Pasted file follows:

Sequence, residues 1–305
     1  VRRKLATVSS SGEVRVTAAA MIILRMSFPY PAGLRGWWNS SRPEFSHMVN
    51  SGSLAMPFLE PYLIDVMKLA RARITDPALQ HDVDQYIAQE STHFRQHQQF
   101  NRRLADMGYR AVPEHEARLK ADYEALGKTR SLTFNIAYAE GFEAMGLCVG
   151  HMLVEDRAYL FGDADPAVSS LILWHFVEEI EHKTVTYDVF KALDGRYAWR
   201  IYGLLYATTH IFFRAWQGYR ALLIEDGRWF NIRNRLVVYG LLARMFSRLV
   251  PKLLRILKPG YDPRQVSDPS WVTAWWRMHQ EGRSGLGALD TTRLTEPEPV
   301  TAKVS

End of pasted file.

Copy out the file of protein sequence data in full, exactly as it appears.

Sequence, residues 1–305
     1  VRRKLATVSS SGEVRVTAAA MIILRMSFPY PAGLRGWWNS SRPEFSHMVN
    51  SGSLAMPFLE PYLIDVMKLA RARITDPALQ HDVDQYIAQE STHFRQHQQF
   101  NRRLADMGYR AVPEHEARLK ADYEALGKTR SLTFNIAYAE GFEAMGLCVG
   151  HMLVEDRAYL FGDADPAVSS LILWHFVEEI EHKTVTYDVF KALDGRYAWR
   201  IYGLLYATTH IFFRAWQGYR ALLIEDGRWF NIRNRLVVYG LLARMFSRLV
   251  PKLLRILKPG YDPRQVSDPS WVTAWWRMHQ EGRSGLGALD TTRLTEPEPV
   301  TAKVS